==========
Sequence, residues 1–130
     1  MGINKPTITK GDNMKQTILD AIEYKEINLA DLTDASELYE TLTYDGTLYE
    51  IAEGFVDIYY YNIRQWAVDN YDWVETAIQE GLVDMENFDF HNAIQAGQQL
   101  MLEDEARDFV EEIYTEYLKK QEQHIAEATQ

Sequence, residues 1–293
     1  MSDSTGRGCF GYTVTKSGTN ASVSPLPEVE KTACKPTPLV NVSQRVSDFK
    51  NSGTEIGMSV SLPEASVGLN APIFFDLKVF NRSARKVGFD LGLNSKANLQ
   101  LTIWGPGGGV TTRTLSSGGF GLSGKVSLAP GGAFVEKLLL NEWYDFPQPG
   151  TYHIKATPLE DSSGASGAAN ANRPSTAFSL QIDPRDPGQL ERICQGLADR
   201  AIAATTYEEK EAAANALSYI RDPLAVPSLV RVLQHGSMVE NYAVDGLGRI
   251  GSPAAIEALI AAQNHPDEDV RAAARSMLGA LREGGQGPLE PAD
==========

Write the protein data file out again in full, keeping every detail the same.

Sequence, residues 1–130
     1  MGINKPTITK GDNMKQTILD AIEYKEINLA DLTDASELYE TLTYDGTLYE
    51  IAEGFVDIYY YNIRQWAVDN YDWVETAIQE GLVDMENFDF HNAIQAGQQL
   101  MLEDEARDFV EEIYTEYLKK QEQHIAEATQ

Sequence, residues 1–293
     1  MSDSTGRGCF GYTVTKSGTN ASVSPLPEVE KTACKPTPLV NVSQRVSDFK
    51  NSGTEIGMSV SLPEASVGLN APIFFDLKVF NRSARKVGFD LGLNSKANLQ
   101  LTIWGPGGGV TTRTLSSGGF GLSGKVSLAP GGAFVEKLLL NEWYDFPQPG
   151  TYHIKATPLE DSSGASGAAN ANRPSTAFSL QIDPRDPGQL ERICQGLADR
   201  AIAATTYEEK EAAANALSYI RDPLAVPSLV RVLQHGSMVE NYAVDGLGRI
   251  GSPAAIEALI AAQNHPDEDV RAAARSMLGA LREGGQGPLE PAD